Thursday, October 10, 2019

Great Basin (National Park and Pony Express Trail)

Looking west to the peaks of Great Basin National Park as part of the Snake Range from a road side stop along US 50--"The loneliest highway in America."

Last weekend I went on a road trip west into the Great Basin. My primary destination was Great Basin National Park with the plan to camp and hike.

I had just taught about the Great Basin in my world geography class so perhaps that is what inspired my destination choice. None of the rivers in the Great Basin flow to an ocean. They all peter out and disappear in basins or flow into lakes like the Great Salt Lake. The region is also referred to as the Basin and Range region because its landscape is dominated by parallel north-south flowing mountain ranges with dry, sage brush covered basins/valleys in between.  To drive the loneliest highway is to drive up and over ranges and through basins over and over again.

Looking east from part way up Wheeler Peak across Snake Valley to the Confusion Range (right) and House Range (left) with Notch Peak.

Aspens provided the only fall color amid all of the evergreens.

Wheeler Peak (right rear)

Wheeler Peak on the right and Doso Doyabi (Shoshone for White Mountain) on the left. Up until January of this year Doso Doyabi was know as Jeff Davis Peak. The Nevada State Board of Geographic Names voted to change the name because of its association with the Confederacy and slavery. Learn more here:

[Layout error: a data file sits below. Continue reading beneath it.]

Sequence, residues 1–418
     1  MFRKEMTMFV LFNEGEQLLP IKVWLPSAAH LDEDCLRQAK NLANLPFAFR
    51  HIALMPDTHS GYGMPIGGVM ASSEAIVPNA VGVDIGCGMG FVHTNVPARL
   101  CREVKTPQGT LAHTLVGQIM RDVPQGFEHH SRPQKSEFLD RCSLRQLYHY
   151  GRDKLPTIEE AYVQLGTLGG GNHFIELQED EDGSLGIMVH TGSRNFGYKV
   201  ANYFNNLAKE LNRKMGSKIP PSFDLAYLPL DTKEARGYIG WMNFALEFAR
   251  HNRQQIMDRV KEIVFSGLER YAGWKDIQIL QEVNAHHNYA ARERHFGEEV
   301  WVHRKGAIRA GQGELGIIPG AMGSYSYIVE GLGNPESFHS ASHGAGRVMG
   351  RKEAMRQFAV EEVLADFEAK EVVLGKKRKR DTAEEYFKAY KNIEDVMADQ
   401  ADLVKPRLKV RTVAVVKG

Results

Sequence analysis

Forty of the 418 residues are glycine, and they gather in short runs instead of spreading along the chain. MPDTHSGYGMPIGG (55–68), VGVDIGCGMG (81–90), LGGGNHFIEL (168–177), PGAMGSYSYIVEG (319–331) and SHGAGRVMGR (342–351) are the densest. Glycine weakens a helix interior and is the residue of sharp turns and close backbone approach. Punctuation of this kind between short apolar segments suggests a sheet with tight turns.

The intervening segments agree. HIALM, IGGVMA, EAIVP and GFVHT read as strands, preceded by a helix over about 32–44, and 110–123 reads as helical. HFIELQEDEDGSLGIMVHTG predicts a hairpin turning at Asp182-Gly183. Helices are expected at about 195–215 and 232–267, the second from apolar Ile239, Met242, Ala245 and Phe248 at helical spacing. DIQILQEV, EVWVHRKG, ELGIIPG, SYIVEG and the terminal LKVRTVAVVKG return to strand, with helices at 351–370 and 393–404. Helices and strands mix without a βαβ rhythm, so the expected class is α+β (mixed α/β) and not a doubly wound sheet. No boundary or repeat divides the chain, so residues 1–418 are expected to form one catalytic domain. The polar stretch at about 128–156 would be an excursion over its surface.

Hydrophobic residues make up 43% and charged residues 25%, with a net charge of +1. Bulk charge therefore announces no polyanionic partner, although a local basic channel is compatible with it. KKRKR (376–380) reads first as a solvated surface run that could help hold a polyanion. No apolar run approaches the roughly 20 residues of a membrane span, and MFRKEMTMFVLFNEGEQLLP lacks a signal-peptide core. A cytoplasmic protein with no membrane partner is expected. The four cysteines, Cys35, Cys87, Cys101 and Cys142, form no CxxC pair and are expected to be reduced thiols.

That change will render this and the next map in need of updating. Interestingly in both my political geography class and world geography class I have recently referred to the above map in my lectures. I even commented at the time that I was curious to know what confederate symbol was located in eastern Nevada. A few weeks later as I was researching a hike up Wheeler Peak I came across Jeff Davis Peak. I wondered, is that the president of the Confederacy? I googled Jeff Davis Peak and low and behold it was (see the linked article above). Good for Nevada.

I found a camping spot in Wheeler Peak campground, ate some lunch and then headed out to hike up to the Bristlecone Pine Grove and then up to Rock Glacier.  It was a beautiful, sunny, brisk afternoon.

I was intrigued by the resilient bristlecones that over the centuries and millennia have survived, sometimes with just one strip of living bark bringing nourishment to one living branch.

Limber pine of the left and bristlecone pine of the right.

One living branch (on the left)

Dead portions of an ancient trunk on a still living tree.

Hiking up through the rocky moraine deposited by a once much larger glacier.

End of the trail.

Only red leaves of this fall day.

Bristlecone cones.

Bristlecone cones.

Took a detour to see Teresa Lake. By now my hiking headache was making me nauseous. I took a second extra stretch Excedrin and headed back to camp.

The view from my campsite.

Turkeys in the Campground.

It was now 6:00 and cold winds were coming in. I had planned for the cold and had a freeze worthy sleeping bag and a good supply of fire wood in the back of my car, but the thought of sleeping at 10,000 feet in the freezing cold to then get up early (to avoid winds that rise later in the day) to climb Wheeler Peak not knowing if I was up to a second high altitude hike with a significant gain in elevation just did not seem fun. So I opted for a plan B that had been formulating in my mind on the last segment of the hike. Drive to Ely while drinking a Dr. Pepper (it helped), get some dinner (Subway veggie delight), get a hotel (a new Holiday Inn Express) and then figure out what to do on Sunday and that is what I did.